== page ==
Cyprus Mail

Fireworks as Christofias breaks his silence

By Stefanos Evripidou

FORMER PRESIDENT Demetris Christofias has attributed the government with a “fascist mentality” for attempting to “gag” him in a spat over who is to blame for the current economic woes of the country.

The government, opposition party AKEL and former president spent the whole of Sunday squabbling over who has the right to speak and who doesn’t after Christofias criticised the policies of President Nicos Anastasiades in a speech in Paphos.

The spat spilled over to yesterday, with other parties joining the fray.

It started on Sunday morning during a memorial for a victim of the 1974 Greek-inspired coup. After months of relative quiet, Christofias gave a speech during which he spoke about developments in the Cyprus problem and the economy.

Christofias referred to the “catastrophic consequences brought by the agreement between the Anastasiades government and the Eurogroup in March on the economy”, noting that with the economy in dire straits, the dangers of attempts to force a bad solution to the Cyprus problem had increased.

He also criticised Anastasiades for pledging to withdraw his proposals that were tabled in the peace talks during 2008-2012 and appoint a negotiator to represent the president in the talks.

The words may have been spoken in Paphos, but the easterly wind ensured they were heard loud and clear in the capital.

Within hours, the government responded through its deputy spokesman, Victoras Papadopoulos, who said Christofias could voice his opinion on the peace process at the National Council.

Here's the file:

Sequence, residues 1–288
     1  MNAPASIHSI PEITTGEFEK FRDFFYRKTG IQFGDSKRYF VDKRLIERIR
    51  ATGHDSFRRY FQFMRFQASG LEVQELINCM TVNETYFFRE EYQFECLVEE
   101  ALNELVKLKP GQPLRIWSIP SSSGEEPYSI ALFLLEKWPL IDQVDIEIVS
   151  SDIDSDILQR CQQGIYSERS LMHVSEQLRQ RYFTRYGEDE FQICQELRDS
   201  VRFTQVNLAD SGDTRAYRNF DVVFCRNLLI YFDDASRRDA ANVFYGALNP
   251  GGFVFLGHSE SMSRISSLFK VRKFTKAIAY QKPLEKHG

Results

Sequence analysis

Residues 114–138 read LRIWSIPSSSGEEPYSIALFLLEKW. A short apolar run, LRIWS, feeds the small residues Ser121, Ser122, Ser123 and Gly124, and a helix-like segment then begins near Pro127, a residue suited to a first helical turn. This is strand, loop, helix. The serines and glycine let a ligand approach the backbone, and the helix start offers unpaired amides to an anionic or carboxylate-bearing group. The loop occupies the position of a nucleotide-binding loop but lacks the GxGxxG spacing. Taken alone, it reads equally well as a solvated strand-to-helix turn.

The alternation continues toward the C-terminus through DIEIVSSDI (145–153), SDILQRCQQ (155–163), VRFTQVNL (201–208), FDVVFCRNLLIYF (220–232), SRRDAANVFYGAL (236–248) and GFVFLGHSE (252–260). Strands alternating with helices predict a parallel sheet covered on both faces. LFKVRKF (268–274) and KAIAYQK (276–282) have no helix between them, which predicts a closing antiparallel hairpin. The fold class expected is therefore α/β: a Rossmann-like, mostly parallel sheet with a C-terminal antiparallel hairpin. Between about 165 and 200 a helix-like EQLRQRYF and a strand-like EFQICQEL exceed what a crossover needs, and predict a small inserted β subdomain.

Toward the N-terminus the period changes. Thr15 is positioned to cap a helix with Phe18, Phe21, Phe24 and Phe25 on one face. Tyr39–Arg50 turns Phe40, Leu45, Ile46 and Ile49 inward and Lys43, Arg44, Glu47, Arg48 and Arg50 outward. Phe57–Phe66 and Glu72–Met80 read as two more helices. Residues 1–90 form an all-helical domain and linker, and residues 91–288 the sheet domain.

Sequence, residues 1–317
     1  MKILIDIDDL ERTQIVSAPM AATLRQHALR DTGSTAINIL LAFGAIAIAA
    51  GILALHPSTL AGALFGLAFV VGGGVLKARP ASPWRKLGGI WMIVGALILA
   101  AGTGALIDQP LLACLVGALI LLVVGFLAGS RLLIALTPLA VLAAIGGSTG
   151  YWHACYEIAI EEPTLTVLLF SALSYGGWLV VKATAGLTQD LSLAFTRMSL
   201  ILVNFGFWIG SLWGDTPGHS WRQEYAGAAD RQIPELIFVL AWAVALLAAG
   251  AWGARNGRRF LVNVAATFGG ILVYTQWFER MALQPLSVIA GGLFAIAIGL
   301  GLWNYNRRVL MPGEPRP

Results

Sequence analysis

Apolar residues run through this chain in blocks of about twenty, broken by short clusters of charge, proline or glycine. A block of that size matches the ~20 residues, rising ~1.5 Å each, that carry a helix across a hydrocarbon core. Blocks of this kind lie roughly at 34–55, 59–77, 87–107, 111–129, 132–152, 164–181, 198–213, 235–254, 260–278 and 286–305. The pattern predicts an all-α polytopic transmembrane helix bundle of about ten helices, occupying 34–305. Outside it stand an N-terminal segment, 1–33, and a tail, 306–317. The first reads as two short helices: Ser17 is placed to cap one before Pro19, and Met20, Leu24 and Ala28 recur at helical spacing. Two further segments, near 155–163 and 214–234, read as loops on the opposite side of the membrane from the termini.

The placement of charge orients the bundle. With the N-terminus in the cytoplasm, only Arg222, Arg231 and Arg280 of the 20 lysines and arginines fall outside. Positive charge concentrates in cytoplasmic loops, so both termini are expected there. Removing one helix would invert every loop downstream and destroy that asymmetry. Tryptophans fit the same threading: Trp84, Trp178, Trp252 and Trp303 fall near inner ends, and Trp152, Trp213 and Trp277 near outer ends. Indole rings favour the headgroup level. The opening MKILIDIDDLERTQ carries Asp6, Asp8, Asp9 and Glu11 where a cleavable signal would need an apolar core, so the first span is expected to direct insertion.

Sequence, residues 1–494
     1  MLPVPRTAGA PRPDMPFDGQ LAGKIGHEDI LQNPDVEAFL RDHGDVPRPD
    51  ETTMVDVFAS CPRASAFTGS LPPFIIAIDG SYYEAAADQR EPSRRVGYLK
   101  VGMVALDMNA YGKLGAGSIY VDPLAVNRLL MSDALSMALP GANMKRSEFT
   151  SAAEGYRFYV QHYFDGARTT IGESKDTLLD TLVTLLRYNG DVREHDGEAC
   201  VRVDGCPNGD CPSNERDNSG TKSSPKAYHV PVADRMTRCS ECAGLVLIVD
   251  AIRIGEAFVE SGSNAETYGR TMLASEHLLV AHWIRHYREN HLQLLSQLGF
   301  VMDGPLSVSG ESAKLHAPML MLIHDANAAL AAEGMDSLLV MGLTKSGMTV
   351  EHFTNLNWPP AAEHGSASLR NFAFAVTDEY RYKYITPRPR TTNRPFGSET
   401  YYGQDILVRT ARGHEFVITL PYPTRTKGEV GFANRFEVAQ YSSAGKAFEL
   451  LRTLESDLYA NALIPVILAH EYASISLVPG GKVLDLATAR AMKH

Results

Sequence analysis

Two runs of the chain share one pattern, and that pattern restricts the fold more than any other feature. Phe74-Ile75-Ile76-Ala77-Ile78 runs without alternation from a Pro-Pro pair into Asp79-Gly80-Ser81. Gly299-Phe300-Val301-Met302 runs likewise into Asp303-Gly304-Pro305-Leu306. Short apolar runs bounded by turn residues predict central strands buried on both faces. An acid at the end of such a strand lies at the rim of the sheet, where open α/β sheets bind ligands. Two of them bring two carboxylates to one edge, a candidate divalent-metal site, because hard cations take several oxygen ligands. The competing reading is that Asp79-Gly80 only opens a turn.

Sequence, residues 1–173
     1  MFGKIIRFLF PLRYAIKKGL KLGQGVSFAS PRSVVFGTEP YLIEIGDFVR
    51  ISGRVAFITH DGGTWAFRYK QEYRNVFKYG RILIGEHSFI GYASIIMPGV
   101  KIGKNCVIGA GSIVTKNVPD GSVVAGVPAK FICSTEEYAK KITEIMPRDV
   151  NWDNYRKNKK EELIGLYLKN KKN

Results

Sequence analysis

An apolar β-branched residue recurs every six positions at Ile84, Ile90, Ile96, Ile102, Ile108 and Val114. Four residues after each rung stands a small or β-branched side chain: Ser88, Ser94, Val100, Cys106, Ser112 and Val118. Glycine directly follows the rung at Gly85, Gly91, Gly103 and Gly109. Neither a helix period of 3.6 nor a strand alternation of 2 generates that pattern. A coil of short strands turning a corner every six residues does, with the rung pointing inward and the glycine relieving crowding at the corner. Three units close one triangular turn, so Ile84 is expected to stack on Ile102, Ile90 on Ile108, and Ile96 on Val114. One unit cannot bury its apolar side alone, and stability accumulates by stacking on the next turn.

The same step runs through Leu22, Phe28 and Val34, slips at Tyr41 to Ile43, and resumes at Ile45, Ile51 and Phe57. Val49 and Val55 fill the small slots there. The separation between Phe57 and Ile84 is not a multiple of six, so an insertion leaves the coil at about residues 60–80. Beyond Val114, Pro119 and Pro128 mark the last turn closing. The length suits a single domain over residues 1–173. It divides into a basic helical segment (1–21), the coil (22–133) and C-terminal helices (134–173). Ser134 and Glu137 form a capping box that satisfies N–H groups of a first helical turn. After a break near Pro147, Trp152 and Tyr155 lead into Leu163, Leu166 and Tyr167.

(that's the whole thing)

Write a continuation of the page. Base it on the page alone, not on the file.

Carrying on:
Regarding the “catastrophic consequences” of the memorandum signed with the troika, he said: “The reply to Mr Christofias is simple: if the former president had the slightest sense of responsibility for the tragic governance which led the country to painful dead ends and the coercive decisions of March, he would keep silent.

The government spokesman added: “Mr Christofias had all the time to negotiate a better memorandum if he wanted, or take decisive measures to save the economy. He did neither, allowing the country to reach near bankruptcy.”

Papadopoulos advised the former president and AKEL to keep their thoughts to themselves.

Soon after, Christofias released a written statement saying that especially during these days when the memory of the “double crime” of the 1974 coup and invasion comes alive, “it would certainly be wiser for some not to say too much”.

He accused the government of trying to gag him, adding: “This fascist mentality must stop.”

Somewhat undermining his earlier allegation, Christofias said it was the government that needed to sit quiet, not him, arguing: “Throughout our administration we defended the dignity and sovereignty of our country. We did not sell out overnight in the name of preventing bankruptcy.”

AKEL spokesman Giorgos Loukaides accused ruling DISY of having a very funny interpretation of democracy, which would explain why they kept asking the opposition not to talk or question the government’s handling of anything.

By afternoon, the presidential palace bit the bait and sent Papadopoulos out for a response: “No one is gagging them. We’re just asking they don’t provoke public sentiment. The jokes and whining about AKEL being hunted and lack of democracy only make one laugh.”

Yesterday, DIKO MP Nicolas Papadopoulos waded in saying the last people to criticise should be the former governors.

They must “respect the sensitivity of the people and the difficult times they are going through as a result of the economic conditions created in the last five years of the previous government,” he said.

Spokesman for government partner DIKO, Angelos Votsis, said he would have expected the former president to act with political responsibility and maturity, self-awareness and self-critique, instead of trying to lump the blame on others.

If Christofias “did not put party above country, we would certainly not be in this tragic economic situation today nor would we have before us the unacceptable unilateral concessions in the Cyprus problem”, said Votsis, whose party shared power with the Christofias government for a number of years before withdrawing from the coalition near the end of its term.

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